The Total Cost of ETF Ownership

Expense ratios are just one of the many costs of ETF ownership

Ben Johnson 25 May, 2010 | 4:22PM
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The low cost of exchange-traded funds relative to traditional actively managed open end funds and index trackers is perhaps their most appealing feature. When looking at the cost savings of ETFs, and comparing one fund to another, most of us just look at the total expense ratio given in prospectuses and other literature. But expense ratios reflect just one of the many costs of ETF ownership. Costs of buying, selling, and potential hidden charges or earnings all affect the ultimate returns that shareholders get from a given ETF. Here, we will piece together all of the costs involved in transacting and owning ETFs to give a holistic view of the total cost of ETF ownership.

Total Expense Ratio (TER)
The total expense ratio is the most explicit cost of ETF ownership. This ratio represents the portion of your investment that will be extracted by the fund on an annual basis for their efforts. This charge covers costs incurred by the fund which can range from trading expenses to marketing budgets and custodial fees to index licensing costs. The average expense ratio across all European ETFs is 0.38%, which compares very favourably to average expense ratios for both traditional actively managed open end funds and open end index trackers. For more on total expense ratios please see our article Low Costs are the Smartest Investment.

Trading Costs
We first discussed the costs of trading ETFs in our article Tricks of the Trade. These costs include brokerage commissions, bid-offer spreads, and market impact (a topic we will touch on in further detail in the future). Furthermore, premiums and discounts to net asset value represent another important consideration (for more on this topic see this article).

Tracking Difference
Tracking difference is an implicit cost of ETF ownership. All else equal, ETFs will by definition produce returns that lag their benchmark by an order of magnitude equal to their TER. For example, assume an investor owns an ETF that tracks the EURO STOXX 50 index. The fund charges a hypothetical TER of 0.25%. In a given year the EURO STOXX 50 rises 10%. The investor’s return—net of fees—would be 9.75% (the 10% gross return to the benchmark less the 0.25% TER). In this hypothetical example, the tracking error for the ETF is equal to the TER.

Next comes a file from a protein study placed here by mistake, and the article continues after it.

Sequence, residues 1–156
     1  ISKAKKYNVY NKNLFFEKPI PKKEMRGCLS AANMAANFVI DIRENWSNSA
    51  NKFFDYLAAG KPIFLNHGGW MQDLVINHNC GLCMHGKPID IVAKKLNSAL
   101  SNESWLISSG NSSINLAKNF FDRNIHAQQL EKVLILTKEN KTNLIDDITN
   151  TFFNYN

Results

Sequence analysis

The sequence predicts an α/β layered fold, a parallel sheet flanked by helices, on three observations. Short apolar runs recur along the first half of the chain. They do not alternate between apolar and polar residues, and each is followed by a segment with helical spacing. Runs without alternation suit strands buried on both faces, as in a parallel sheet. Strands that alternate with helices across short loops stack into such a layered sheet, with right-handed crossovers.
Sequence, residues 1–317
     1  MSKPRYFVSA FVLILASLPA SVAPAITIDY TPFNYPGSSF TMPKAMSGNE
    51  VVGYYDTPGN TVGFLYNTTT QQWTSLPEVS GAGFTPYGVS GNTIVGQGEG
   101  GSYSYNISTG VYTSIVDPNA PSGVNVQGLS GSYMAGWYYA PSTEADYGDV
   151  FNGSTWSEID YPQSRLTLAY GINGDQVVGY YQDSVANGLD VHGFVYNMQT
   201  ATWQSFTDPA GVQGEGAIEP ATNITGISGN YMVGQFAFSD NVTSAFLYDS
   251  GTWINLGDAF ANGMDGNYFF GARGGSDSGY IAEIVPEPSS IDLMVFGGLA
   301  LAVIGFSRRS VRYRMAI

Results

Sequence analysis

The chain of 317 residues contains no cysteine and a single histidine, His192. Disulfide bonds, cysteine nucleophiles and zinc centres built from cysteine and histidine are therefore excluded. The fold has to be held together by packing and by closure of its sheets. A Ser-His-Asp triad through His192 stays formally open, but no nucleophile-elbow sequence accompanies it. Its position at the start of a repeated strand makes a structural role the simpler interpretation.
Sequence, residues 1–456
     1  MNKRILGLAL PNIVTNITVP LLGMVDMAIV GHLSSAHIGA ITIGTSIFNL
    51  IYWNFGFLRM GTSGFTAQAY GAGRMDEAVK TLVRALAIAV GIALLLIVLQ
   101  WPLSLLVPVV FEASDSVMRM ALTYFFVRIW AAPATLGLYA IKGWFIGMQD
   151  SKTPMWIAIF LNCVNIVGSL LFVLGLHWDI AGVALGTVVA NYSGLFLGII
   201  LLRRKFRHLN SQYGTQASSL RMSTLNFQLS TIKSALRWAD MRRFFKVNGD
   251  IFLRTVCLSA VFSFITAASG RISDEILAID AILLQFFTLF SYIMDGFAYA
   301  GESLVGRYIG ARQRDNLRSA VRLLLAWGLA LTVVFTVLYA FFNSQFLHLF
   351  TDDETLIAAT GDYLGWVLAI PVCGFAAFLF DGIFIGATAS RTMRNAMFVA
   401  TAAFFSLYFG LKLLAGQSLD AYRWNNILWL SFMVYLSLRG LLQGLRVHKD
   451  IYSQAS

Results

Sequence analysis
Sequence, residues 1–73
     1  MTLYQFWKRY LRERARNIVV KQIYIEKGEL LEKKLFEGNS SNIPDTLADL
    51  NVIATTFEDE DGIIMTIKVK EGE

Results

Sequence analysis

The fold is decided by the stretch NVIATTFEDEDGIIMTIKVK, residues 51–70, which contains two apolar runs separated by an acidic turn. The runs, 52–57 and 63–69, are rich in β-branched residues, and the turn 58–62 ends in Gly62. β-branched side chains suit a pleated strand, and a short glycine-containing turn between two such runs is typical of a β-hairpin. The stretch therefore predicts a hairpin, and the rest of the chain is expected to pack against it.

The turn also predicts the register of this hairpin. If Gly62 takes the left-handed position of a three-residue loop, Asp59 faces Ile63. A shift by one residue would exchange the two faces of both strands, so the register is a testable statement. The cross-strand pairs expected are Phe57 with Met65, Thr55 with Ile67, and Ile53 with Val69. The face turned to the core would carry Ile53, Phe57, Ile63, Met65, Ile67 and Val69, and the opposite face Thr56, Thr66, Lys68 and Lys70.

Tracking Difference = ETF Return – Benchmark Index Return

Expense ratios are the most predictable and readily quantifiable source of the tracking difference between ETFs and their reference indices. It is important to understand that ETF providers can offset some of the effect fees have on ETFs' net performance through what providers term “enhancements,” which usually take the form of income produced through securities lending. In some cases, this level of income has more than offset the level of certain funds’ expenses and allowed them to even perform modestly better than their benchmarks.

Tracking Difference vs. Tracking Error
It is important to distinguish between tracking difference and tracking error. Tracking difference is simply the difference between an ETF's return and that of its benchmark over a given period.

Meanwhile, tracking error measures the short-term volatility of an ETF's return relative to its benchmark. Tracking error is commonly calculated by taking the root mean square error of the difference between a fund's daily or weekly returns and those of its benchmark across a given period.

Sampling in Physical Replication Funds can Create Tracking Issues